However, the Rome Statute is silent as to the right of the requested state to decline the surrender on the grounds of an illegal arrest. This, in turn, leads to believe that the obligation of the requested state to surrender the suspect to the ICC is supreme over any national law that might allow the domestic court to decline such a surrender when the suspect has been subjected to illegal arrest or detention. Therefore, it is up to the ICC as to consider the violation of human rights of the suspect, and, as provided by Article 85(1) to arbiter compensation to anyone who has been the victim of an unlawful arrest or detention.[12] However, the Rome Statute and the Rules of Procedure and Evidence do not provide a definite answer to the issue of whether and when the Court should exercise its jurisdiction in cases of extraordinary rendition.

The uncertainty in this respect was about to change on 14 December 2006, when the Appeals Chamber had to reconsider the application lodged by Thomas Lubanga Dyilo.[13] Mr. Dyilo challenged the Court’s ability to exercise jurisdiction over him under Article 19(2) of the Rome Statute before the Pre-Trial chamber. In his application Mr. Dyilo alleged that he had been subjected to mistreatment when he was detained in the Democratic Republic of the Congo prior to his surrender to the ICC which the Prosecutor had been complicit in. He alleged that it constituted the abuse of process and applied for the dismissal of the case.

Referring to Nikolić and Barayagwiza the Pre-Trial Chamber stated that it could potentially dismiss the case as a remedy for abuse of process and on the protection of the fundamental rights of the accused in Article 21(3). However, the Chamber had to decline the application due to the lack of evidence in support of complicity and mistreatment. This has been reconsidered by the Appeals Chamber whose findings varied drastically. The Chamber stated, that the issue was not that of jurisdiction, but rather “a procedural step not envisaged by the Rules of Procedure and Evidence or the Regulations of the Court invoking a power possessed by the Court to remedy breaches of the process in the interests of justice.”[14] Further on, the Chamber reviewed the doctrine of abuse of process and stated that since the concept is not really known to civilian systems, the doctrine “is not generally recognized as an indispensable power of a court of law, an inseverable attribute of judicial power,” and therefore was not among any inherent powers the ICC had.[15] Nonetheless, the Chamber stated that the human rights standards imposed by Article 21(3) imply the Court’s power to stay proceedings if the treatment of the accused interferes with the right to a fair trial.[16] In particular the Court confirmed that there must be a human rights-based remedy available to the accused under Article 21(3) of the Rome Statute, however, declining to characterize it as a “jurisdictional” power.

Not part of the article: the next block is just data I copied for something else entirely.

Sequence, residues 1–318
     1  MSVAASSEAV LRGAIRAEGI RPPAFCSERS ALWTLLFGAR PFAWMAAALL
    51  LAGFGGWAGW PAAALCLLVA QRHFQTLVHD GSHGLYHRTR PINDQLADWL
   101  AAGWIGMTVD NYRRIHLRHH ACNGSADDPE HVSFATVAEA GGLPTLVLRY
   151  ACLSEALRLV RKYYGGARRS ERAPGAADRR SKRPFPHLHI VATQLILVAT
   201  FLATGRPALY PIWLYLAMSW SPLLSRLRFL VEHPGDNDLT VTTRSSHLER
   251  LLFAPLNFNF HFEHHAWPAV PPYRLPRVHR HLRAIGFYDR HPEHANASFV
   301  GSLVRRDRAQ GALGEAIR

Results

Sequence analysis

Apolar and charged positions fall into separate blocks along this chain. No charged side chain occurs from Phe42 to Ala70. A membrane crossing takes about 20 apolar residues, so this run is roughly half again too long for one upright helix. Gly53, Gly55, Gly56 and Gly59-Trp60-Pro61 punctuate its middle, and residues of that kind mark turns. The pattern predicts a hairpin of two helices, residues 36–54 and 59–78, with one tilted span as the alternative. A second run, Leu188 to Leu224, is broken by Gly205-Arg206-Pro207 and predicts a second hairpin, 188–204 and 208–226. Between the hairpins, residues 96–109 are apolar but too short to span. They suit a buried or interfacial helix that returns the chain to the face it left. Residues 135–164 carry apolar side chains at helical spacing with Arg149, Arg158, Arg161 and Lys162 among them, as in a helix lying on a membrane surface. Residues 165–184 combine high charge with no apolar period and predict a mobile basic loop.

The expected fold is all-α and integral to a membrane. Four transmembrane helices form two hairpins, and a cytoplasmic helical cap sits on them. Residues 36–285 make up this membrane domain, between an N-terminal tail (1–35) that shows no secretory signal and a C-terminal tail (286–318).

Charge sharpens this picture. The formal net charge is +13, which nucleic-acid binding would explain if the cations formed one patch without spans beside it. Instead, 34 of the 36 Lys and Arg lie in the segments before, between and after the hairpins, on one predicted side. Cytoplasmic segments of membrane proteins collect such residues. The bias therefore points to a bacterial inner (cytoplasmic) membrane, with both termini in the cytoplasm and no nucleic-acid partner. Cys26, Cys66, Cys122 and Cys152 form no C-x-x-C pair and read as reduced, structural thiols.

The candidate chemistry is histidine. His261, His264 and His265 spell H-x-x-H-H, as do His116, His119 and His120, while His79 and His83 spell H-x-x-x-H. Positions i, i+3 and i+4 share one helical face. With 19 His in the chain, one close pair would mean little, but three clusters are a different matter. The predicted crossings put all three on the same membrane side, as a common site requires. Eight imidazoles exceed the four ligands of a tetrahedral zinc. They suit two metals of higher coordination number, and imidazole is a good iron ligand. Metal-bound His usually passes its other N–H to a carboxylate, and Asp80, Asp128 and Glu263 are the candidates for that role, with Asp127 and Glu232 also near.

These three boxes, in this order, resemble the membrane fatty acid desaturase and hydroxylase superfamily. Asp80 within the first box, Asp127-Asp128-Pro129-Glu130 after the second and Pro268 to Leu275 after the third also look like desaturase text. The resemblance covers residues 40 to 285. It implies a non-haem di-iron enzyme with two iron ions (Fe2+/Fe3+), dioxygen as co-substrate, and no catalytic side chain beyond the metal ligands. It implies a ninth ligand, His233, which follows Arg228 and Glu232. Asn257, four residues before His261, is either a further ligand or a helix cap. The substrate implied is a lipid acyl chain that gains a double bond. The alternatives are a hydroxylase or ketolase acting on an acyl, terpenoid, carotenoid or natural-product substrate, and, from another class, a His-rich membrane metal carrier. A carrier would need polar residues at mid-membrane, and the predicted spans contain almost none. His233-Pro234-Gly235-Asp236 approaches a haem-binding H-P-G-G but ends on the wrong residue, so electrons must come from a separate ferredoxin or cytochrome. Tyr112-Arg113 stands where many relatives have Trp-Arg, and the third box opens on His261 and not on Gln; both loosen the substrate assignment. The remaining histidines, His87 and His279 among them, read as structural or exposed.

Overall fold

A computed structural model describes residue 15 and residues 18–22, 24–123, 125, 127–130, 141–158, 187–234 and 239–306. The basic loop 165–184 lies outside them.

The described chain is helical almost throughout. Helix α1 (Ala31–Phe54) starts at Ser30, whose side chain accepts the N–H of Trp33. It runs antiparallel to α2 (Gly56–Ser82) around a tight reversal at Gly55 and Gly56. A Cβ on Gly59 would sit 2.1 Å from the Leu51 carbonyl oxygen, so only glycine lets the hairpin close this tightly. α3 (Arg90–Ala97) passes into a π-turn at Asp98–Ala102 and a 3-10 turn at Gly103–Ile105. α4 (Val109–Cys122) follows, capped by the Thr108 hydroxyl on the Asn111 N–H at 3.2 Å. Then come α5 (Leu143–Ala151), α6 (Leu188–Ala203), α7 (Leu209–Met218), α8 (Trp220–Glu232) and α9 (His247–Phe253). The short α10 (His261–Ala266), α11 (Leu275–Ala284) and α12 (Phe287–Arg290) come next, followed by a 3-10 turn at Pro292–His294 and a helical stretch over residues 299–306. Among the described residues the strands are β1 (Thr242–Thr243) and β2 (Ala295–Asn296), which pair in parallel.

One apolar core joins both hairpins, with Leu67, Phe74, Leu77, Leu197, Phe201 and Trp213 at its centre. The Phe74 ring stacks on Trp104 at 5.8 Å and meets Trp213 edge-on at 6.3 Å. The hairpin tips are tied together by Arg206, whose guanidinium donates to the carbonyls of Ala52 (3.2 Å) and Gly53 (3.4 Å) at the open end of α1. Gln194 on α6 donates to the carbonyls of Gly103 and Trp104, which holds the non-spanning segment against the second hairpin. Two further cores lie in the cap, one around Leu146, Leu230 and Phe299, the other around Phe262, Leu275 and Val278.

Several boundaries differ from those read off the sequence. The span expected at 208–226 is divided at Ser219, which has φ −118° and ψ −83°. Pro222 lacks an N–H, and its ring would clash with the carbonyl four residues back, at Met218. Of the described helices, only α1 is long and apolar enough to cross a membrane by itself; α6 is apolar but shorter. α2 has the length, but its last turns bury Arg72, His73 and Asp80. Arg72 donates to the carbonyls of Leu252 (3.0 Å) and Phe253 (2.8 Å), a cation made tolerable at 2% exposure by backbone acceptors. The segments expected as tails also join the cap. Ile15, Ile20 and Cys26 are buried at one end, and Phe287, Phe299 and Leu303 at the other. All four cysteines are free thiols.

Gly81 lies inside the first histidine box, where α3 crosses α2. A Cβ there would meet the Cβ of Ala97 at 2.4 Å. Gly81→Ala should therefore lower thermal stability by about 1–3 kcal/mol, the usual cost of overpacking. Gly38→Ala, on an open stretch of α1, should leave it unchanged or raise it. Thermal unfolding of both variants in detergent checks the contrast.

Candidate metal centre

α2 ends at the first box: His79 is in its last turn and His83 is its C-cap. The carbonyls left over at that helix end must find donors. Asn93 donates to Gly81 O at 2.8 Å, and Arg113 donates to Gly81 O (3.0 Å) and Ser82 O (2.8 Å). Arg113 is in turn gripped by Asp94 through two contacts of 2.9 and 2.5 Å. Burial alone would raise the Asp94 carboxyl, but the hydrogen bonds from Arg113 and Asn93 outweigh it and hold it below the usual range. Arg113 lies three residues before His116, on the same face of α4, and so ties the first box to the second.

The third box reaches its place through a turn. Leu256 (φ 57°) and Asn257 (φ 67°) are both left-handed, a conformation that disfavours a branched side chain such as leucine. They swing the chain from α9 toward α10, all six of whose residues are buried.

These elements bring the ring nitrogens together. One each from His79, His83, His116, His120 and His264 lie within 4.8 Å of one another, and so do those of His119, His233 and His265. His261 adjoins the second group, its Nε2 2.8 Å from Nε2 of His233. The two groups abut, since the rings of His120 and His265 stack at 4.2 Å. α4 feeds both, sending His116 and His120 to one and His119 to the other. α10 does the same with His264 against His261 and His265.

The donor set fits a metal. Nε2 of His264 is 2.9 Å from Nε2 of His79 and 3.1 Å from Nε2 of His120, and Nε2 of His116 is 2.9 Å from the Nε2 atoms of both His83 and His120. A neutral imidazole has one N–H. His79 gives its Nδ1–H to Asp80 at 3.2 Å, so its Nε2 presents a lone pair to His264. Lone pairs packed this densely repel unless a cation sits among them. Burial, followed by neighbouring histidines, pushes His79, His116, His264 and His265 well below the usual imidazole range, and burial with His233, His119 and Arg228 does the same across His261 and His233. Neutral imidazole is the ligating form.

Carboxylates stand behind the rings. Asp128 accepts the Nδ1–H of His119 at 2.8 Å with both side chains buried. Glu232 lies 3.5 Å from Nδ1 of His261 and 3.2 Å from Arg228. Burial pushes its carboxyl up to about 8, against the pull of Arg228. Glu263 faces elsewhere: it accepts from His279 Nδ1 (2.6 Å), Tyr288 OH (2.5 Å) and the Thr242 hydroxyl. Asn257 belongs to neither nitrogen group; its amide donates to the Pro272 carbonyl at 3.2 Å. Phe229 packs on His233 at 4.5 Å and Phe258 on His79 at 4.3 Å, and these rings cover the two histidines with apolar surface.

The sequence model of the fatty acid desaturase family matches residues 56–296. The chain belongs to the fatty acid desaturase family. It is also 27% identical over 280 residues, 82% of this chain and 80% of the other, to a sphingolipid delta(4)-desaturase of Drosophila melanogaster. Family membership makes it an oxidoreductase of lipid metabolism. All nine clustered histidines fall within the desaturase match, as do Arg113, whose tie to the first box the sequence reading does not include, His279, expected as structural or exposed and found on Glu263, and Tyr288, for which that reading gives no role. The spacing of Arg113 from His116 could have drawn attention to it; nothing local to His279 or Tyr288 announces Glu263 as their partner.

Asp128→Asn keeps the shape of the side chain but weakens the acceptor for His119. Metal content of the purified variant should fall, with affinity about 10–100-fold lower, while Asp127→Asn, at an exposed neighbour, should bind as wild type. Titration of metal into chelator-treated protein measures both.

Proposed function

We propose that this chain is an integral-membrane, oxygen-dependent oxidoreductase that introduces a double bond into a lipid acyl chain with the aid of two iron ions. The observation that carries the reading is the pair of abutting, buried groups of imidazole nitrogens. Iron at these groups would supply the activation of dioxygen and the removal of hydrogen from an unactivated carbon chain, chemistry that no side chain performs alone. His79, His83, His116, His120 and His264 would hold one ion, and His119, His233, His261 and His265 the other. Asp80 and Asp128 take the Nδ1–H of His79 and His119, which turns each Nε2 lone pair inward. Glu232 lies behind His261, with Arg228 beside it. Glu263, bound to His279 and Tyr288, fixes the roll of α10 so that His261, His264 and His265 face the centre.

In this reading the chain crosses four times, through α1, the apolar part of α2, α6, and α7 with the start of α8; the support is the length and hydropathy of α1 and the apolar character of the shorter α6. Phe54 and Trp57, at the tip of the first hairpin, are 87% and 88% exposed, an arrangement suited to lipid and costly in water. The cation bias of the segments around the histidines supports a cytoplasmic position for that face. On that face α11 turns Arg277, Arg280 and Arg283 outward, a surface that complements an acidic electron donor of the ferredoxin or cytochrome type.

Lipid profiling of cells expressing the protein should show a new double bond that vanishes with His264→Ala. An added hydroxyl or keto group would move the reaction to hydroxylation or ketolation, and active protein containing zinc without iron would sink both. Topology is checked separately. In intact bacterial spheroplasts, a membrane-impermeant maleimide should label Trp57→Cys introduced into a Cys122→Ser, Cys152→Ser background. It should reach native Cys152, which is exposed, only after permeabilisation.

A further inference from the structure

The aforementioned approach seems balanced and justified. Nevertheless, if the ICC decides to change it, there will certainly be cases where prosecuting universally condemned offences will by itself create threats to international peace and security. Notably, the ICC operates in a highly-charged political atmosphere and even a minor disregard of illegality might provoke a political conflict, which will worsen the situation and damage the legitimacy and credibility of the ICC.[17] Therefore, it is highly advisable that these practices have no future before the Court.

Written by Jan Guardian


[1]      See Aparna Sridhar, The International Criminal Tribunal for the Former Yugoslavia’s Response to the Problem of Transnational Abduction, 42 Stan. J. Int’l L. 343 (2006) [hereinafter Sridhar, ICTY Response], at 343-344.

[2]      Ozlem Ulgen, The ICTY and Irregular Rendition of Suspects, 2 Law & Prac. Int’l Cts. & Tribunals 441 (2003), at 441.

[3]      See e.g., United States v. Alvarez-Machain, 504 U.S. 655 (1992).

[4]      Laura Barnett, Extraordinary Rendition: International Law and the Prohibition of Torture, (rev. July 17, 2008) [online][accessed 1 May 2013].

[5]      Frederick Alexander Mann, Reflections on the Prosecution of Persons Abducted in Breach of International Law, in International Law at a Time of Perplexity. Essays in Honour of Shabtai Rosenne (Yoram Dinstein ed., 1988), at 414.

[6]      Douglas Kash, Abducting Terrorists Under PDD-39: Much Ado About Nothing New, 13 Am. U. Int’l L. Rev. 139 (1997) [hereinafter Kash, Abducting Terrorists], at 141.

[7]      UN General Assembly, Rome Statute of the International Criminal Court (last amended January 2002), 17 July 1998, A/CONF. 183/9 [hereinafter Rome Statute][online][accessed 1 May 2013].